As one of the most influential art movements of the early-twentieth-century, cubism holds its place as a heavyweight in the realm of the avant-garde. The term ‘cubism’ was first coined by French art critic Louis Vauxcelles in the early 20th Century, and it describes art that ignores traditional notions of perspective. Cubism: The Leonard A. Lauder Collection, an exhibition hosted by The Metropolitan Museum of Art, runs from 20 October 2014 to 16 February 2015. It demonstrates why the movement is regarded as so important and showcases what the New York Times calls ‘one of the most significant gifts in the history of the Metropolitan Museum of Modern Art’. Featuring Georges Braque (French, 1882–1963), Juan Gris (Spanish, 1887–1927), Fernand Léger (French, 1881–1955) and Pablo Picasso (Spanish, 1881–1973), this exhibition showcases Leonard A. Lauder’s generous gift – an illustrious range of drawings, paintings, collages and sculptures.
Cubism: The Leonard A. Lauder Collection
The show’s accompanying catalogue, available from Yale University Press and edited by Emily Braun and Rebecca Rabinow, pays homage to the following greats.
As one of the best known and most widely celebrated artists of the 20th-Century, Picasso’s influence cannot be ignored when discussing cubism. Picasso was born in Spain, but spent most of his working life in France. His artistic style underwent many different configurations, starting with his so-called ‘Blue Period’ (1901–04), then to his ‘Rose Period’ (1904–06), then entering his ‘African-Influenced’ stage (1907–09) and then to his development of analytic and synthetic cubism (1909–1919).
Below is a spread from the exhibition catalogue, Cubism, depicting Picasso’s Seated Man and a photograph of Picasso in his studio.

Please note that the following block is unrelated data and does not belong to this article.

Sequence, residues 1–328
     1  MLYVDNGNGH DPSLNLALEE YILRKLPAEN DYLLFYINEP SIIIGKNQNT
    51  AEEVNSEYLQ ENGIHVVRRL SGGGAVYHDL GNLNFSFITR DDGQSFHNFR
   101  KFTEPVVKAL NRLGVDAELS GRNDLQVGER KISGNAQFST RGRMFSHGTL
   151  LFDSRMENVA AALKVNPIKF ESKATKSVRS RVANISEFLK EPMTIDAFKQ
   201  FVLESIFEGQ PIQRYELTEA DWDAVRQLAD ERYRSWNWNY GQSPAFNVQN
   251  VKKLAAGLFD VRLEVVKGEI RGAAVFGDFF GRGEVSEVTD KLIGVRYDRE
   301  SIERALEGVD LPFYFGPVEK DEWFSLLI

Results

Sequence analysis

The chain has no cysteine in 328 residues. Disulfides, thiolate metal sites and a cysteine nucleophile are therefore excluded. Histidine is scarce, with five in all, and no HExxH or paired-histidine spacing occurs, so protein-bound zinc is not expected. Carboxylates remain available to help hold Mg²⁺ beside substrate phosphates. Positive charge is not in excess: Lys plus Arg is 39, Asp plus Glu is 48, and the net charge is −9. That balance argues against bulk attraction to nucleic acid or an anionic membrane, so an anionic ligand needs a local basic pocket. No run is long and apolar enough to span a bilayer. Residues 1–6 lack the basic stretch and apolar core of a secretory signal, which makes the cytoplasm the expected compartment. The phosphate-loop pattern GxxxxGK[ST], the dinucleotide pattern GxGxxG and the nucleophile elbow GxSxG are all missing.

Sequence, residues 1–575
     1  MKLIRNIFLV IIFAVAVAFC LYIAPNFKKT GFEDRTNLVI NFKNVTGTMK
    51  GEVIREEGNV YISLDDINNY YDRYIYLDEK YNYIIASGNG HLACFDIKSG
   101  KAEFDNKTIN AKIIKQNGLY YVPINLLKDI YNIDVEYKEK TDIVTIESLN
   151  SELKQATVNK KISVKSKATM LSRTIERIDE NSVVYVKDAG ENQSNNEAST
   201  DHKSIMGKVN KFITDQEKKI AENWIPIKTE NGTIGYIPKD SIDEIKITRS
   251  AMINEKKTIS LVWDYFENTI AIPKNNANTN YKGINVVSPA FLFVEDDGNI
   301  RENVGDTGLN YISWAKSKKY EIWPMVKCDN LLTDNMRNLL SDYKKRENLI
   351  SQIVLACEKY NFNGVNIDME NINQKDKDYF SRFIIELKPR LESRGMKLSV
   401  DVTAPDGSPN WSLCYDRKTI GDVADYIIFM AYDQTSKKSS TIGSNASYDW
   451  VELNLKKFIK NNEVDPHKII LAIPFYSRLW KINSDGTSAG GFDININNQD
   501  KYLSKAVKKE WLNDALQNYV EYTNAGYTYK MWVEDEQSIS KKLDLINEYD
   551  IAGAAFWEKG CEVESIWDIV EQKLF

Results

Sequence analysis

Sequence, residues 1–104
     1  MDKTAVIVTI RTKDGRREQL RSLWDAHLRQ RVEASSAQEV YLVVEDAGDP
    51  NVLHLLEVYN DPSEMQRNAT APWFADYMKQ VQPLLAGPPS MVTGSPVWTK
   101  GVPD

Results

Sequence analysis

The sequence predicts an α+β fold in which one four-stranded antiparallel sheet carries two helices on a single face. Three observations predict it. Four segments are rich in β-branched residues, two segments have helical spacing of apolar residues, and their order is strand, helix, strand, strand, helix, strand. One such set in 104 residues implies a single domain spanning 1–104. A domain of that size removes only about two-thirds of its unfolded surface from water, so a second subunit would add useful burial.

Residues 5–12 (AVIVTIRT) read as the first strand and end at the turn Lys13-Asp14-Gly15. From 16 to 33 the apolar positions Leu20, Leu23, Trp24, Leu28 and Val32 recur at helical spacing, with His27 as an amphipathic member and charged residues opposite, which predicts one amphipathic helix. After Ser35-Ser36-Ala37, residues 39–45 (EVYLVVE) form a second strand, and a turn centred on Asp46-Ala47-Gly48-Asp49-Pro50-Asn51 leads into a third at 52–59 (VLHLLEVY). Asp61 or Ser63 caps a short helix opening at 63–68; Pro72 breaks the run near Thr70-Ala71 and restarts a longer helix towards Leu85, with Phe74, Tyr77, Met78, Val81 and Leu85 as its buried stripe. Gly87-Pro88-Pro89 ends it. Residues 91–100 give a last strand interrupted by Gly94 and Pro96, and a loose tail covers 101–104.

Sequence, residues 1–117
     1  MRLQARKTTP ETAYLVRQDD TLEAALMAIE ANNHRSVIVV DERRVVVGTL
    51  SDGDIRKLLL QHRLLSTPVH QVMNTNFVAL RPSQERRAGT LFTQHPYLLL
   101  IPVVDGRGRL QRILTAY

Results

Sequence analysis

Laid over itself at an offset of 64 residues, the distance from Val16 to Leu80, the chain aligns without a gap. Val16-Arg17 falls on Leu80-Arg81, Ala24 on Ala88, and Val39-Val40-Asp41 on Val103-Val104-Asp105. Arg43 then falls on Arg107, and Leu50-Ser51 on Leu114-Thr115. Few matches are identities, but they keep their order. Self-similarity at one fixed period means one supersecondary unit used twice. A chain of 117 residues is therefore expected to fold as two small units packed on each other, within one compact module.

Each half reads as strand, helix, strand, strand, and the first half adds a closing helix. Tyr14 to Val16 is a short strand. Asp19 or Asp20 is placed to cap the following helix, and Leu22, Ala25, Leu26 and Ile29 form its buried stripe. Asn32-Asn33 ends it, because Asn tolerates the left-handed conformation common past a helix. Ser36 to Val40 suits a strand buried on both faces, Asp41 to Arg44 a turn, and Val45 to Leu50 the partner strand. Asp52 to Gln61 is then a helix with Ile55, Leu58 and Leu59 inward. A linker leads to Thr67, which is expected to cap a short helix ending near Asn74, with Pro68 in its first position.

Fernand Leger began his working life as an architect, moving to Paris in 1900, where he worked as an architectural draftsman. At age 25, however, he gave up this career in order to start working as a professional painter. His early works display his affinity with cubism, whereas later he adopted a more populist artistic style. During World War Two he taught at Yale University where he was inspired to paint images which juxtapose organic landscape and machinery.
This spread shows Leger’s The Siesta (left), and Two Figures in the City (right).
Braque’s early cubist works remained practically indistinguishable from his contemporary and colleague, Picasso. He later, however, developed a more colourful style, choosing to moderate the harsh abstractions of cubism. He also became close friends with Juan Gris – another influential figure in this field. Braque has designed decor for several ballets, including Les Fâcheux 1923–4. In 1937 he was awarded First Prize at the Pittsburgh International, and the main painting prize at the 1948 Venice Biennale.
This spread from the exhibition catalogue features Braque’s Landscape at La Ciotat (left), and The Terrace at the Hotel Mistral (right).
Juan Gris moved to Paris in 1906 and quickly became part of the artistic set, making friends with Matisse, Picasso, Braque and Leger. Gris was one of the artists responsible for the development of Synthetic Cubism. Synthetic cubism is characterised by more abstract takes on traditional forms, an increased use of colour, and a more adventurous use of texturing and layering in collage.
Below is a spread featuring Gris’ The Fruit Bowl (left), and Pipe and Tobacco Pouch (right).
Emily Braun is distinguished professor at Hunter College and the Graduate Center, CUNY, New York. Rebecca Rabinow is curator in the Department of Modern and Contemporary Art, The Metropolitan Museum of Art.